Cup finals questions: Can both teams stay so remarkably healthy?

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When people talk about how deep the Boston Bruins and Chicago Blackhawks are, it’s partially because of how well these teams were assembled, but it’s also due to how close they are to operating at 100% going into the Stanley Cup finals.

Obviously, the Boston Bruins don’t have Marc Savard (concussion), but beyond that the only player on either team that isn’t available for Game 1 is the Bruins fourth-line center, Gregory Campbell.

Will that streak of relatively good health last for what’s left of the playoffs? Maybe, but it’s far from certain.

At this time of the year, these guys will play through a lot. In fact, not too long after Blackhawks captain Jonathan Toews or his Bruins counterpart Zdeno Chara lifts the Stanley Cup over his head, we will probably start to learn of players that were battling through significant injuries.

Still, this figures to be a close series that’s sure to feature a lot of big hits and blocked shots. The fact that both teams are so good at killing penalties and mediocre to bad with the man advantage, means that they can feel a little more comfortable playing aggressively.

Hopefully both sides will stay healthy, but if guys do go down, the silver lining is that these teams have players that can step up if need be. The Boston Bruins did just that when they lost defensemen Wade Redden, Andrew Ference, and Dennis Seidenberg, so we know they’re deep in terms of blueliners.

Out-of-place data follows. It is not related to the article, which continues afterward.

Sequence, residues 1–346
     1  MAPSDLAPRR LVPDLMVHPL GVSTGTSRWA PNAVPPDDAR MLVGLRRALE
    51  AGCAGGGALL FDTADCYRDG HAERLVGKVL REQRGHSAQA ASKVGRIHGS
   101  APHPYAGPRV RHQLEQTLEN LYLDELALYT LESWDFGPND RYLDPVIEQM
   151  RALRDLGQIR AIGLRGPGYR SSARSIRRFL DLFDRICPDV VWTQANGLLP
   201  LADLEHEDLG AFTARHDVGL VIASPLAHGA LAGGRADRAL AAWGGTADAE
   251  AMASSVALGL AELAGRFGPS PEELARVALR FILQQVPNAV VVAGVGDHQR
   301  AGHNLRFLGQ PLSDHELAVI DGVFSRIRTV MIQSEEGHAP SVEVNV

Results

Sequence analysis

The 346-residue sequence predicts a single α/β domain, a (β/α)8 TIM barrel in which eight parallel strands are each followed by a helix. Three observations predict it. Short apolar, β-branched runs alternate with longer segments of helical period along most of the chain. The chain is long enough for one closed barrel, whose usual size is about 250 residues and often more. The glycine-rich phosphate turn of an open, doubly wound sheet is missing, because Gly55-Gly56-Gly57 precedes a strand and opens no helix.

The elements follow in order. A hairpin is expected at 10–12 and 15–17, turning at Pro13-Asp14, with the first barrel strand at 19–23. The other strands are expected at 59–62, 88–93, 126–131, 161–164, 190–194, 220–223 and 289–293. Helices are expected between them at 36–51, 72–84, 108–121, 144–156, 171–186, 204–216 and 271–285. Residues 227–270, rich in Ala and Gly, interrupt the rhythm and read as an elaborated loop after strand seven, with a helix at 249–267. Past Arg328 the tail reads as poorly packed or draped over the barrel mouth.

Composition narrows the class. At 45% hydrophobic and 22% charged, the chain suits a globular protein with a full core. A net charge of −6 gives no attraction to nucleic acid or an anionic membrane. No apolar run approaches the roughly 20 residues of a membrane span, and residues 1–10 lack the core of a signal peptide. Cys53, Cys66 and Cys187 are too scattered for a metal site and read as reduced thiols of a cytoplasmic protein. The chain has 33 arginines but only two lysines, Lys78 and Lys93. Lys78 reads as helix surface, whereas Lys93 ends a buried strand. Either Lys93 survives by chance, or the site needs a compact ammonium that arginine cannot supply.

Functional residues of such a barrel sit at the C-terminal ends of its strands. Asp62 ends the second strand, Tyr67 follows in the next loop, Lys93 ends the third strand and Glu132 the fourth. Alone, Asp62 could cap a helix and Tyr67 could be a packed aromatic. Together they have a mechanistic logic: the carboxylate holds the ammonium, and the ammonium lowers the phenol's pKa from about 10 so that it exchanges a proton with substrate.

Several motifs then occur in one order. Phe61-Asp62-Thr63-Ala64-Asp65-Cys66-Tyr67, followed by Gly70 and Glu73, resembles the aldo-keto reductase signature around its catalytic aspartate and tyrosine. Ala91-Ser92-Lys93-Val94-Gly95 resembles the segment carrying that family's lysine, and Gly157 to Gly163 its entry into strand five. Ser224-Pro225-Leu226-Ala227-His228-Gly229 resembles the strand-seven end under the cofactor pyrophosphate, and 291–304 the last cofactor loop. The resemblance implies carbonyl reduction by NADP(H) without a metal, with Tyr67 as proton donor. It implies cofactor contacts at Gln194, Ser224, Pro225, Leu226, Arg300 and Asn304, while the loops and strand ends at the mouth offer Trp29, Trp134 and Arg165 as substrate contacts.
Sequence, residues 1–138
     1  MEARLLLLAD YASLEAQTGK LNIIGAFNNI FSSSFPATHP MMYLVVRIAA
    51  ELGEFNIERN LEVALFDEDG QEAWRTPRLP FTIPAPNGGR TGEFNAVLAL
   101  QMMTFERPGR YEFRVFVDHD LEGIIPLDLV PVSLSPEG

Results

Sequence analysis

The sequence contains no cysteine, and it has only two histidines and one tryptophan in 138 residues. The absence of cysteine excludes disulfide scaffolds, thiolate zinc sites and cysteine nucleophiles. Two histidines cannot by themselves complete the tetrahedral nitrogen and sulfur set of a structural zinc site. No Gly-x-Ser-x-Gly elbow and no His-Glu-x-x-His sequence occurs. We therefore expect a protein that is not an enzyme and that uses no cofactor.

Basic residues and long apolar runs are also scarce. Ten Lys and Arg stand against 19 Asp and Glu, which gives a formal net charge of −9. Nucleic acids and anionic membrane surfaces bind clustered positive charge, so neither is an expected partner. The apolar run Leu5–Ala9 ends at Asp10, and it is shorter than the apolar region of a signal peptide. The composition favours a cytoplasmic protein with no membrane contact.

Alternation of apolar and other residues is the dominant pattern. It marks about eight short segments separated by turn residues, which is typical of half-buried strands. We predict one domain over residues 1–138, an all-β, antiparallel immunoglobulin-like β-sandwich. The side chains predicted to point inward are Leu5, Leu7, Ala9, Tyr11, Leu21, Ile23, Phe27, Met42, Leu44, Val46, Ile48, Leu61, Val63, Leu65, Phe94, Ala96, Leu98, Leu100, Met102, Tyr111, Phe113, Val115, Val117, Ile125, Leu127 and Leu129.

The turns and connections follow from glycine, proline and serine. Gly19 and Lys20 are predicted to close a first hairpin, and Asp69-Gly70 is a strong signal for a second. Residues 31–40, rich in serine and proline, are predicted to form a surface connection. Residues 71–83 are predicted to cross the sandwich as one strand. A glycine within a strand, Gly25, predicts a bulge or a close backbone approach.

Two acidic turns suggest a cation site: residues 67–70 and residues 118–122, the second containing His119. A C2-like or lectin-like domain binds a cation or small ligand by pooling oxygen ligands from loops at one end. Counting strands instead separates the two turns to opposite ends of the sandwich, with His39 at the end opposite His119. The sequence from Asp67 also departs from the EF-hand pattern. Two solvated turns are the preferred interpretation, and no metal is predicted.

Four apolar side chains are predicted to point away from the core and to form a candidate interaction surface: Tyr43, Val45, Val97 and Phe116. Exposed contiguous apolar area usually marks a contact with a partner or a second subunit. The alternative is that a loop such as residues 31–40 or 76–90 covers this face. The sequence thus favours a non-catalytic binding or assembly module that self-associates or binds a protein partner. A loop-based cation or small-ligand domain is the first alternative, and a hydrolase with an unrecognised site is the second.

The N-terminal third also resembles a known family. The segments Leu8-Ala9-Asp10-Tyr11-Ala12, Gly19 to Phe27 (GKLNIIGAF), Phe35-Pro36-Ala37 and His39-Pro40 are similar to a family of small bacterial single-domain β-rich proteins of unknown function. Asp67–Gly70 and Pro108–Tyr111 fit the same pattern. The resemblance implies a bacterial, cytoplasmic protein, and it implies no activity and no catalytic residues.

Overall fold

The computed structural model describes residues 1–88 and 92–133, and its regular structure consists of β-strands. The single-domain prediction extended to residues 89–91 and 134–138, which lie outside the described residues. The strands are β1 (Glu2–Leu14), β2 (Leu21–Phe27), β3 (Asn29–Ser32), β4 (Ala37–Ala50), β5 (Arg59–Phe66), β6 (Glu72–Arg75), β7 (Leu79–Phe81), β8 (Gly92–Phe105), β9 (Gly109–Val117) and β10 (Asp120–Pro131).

Boston is already shorthanded as far as forwards go, but they do have a promising youngster in Jordan Caron if they need him. Tyler Seguin could also stand to take on more responsibilities if one of Boston’s top players gets hurt, given that Seguin has been logging just 15:14 minutes per game in the postseason.

The Blackhawks have some solid forwards that can step up if need be, as evidenced by the fact that Viktor Stalberg might not even make their Game 1 lineup. They also have Daniel Carcillo ready and waiting. However, they might be less prepared to handle the loss of a key defenseman.

Chicago was able to endure Duncan Keith’s recent one-game suspension, but his replacement, Sheldon Brookbank, had a minus-two rating and logged just 6:50 minutes.

Probably the worst case scenario for either team is that they lose a goaltender, although in Chicago’s case, they do have an accomplished – albeit rusty – backup in Ray Emery.

For more 2013 Cup finals questions, click here.